The castle ravens provided morning wake-up service, swooping and calling from the ramparts. Gazing over the mossy roofs and into the misty courtyard, I found it easy to imagine Nidzica Castle as an ancient seat of power.

It was built by the Teutonic knights, invited to northern Poland in the 13th century to crush local Prussian pagans. The knights were German crusaders who continued to mercilessly grab land and wage war, even after exterminating virtually all the pagans. Soon they were unwelcome guests, and in 1410, the stage was set for a monumental battle.

The Teutonic knights fielded a force of 33,000 – heavy cavalry, well-equipped infantry and trained servants. The Poles came to battle with 40,000 troops, including Bohemians, Lithuanians, Russians (many of them peasants armed only with wooden clubs) and 1,100 Tatar horsemen. The Teutonic knights were so certain of victory that they had brought a huge supply of wine to celebrate.

I set out with Barbara Margol, head of the Nidzica Community Foundation whom I met at my husband’s conference, to see Grunwald battleground, where the confrontation unfolded. After a 30-mile drive on two-lane roads, we reached the entrance to the park, where two huge swords are thrust into the ground, evoking an episode that occurred just before the battle. A formidable sight, the Teutonic knights took the field at dawn, dressed in white tunics with black crosses and mounted on large horses. Polish King Jagiello refused to face them, preferring to let his opponents roast in the July heat while his forces rested in the forest.

The knights sent two emissaries to the Poles, taunting them by thrusting their swords into the ground and saying, “If you are afraid to come out and fight, our grand master sends you these additional weapons.”

Jagiello stood his ground and, as the battle finally unfolded, won the day with a series of maneuvers that took the seasoned knights by surprise. More than 20,000 were slain on each side, but the Teutonic knights’ rule was broken.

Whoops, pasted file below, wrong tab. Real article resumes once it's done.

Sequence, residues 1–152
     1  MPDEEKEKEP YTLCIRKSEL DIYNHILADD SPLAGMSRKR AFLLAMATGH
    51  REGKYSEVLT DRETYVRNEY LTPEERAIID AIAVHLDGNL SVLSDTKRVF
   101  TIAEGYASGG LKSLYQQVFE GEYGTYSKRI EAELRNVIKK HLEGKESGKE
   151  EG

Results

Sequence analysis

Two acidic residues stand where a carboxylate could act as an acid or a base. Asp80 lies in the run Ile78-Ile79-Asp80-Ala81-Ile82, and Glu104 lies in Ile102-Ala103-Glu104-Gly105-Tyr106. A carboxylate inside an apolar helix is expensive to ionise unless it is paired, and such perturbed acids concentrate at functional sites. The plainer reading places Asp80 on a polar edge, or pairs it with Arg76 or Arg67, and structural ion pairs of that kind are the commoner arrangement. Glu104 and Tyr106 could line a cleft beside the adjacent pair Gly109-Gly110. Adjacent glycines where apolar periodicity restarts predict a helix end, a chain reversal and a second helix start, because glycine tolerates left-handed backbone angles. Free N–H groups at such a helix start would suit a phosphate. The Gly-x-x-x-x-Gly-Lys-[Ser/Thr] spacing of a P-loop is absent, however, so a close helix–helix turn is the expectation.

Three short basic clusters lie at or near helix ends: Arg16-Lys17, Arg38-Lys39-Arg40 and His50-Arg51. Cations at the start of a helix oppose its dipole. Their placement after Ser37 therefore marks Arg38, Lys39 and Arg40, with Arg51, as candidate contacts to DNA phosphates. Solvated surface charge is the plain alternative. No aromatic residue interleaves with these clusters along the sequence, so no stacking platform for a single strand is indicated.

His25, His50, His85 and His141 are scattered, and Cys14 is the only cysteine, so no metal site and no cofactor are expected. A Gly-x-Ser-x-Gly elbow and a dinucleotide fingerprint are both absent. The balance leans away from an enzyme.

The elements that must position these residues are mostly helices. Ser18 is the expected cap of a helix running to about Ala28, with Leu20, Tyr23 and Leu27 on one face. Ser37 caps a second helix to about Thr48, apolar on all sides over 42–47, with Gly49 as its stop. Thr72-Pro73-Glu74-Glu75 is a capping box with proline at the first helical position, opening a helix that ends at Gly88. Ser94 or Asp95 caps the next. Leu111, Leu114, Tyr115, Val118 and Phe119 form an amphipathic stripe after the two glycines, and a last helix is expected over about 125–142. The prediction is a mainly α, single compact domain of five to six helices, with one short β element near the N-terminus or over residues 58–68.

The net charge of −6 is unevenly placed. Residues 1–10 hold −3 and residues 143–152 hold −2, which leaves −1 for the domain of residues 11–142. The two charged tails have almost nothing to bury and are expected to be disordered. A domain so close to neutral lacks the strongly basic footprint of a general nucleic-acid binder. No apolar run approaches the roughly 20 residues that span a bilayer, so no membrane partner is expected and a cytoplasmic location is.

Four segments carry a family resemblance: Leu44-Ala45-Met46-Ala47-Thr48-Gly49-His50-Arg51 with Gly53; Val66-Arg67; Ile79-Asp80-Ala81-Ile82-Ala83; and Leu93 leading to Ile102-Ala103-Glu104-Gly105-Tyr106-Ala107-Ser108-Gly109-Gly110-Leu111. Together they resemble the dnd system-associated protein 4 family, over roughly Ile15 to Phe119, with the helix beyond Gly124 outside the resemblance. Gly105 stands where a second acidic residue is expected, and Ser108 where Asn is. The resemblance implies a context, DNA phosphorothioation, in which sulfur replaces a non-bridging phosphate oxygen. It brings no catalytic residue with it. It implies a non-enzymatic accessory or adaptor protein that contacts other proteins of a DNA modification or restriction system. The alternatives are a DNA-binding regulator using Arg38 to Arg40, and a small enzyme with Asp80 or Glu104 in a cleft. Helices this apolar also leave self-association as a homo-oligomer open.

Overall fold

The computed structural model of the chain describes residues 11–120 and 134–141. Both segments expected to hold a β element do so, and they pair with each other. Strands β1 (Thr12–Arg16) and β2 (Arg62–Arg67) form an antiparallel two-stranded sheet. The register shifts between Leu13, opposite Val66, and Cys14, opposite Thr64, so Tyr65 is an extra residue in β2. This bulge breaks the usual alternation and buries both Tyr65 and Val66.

Like many historic battlefields, this one is lush green and eerily peaceful. Barbara fearlessly piloted her car around barricades and over grass to drive us up a hill in the center of the vast park. A chill wind swept over us as we stood on the hilltop staring up at the towering modern steel monument and toward the deep forests that still rim the area. I thought of victorious King Jagiello, who ordered the knights’ wine stash poured on the bloody ground to prevent his men from getting out of hand.

Every July 15, thousands of reenactors fight the battle again. I suspect, though, that the wine has a different fate in this modern version.

A trencherman’s feast

Back at Nidzica Castle, we were in for a treat. It was our turn to don the Teutonic knights’ garb (at-home wear, that is, without chain mail) and dine in medieval style. We assembled at a long table in a gallery high on the western side of the castle. I’m not a fan of theme restaurants, but this meal had a ring of authenticity. Local craftspeople attended, and between courses we could try our hand at woodcarving, working with stained glass or forming a clay bowl.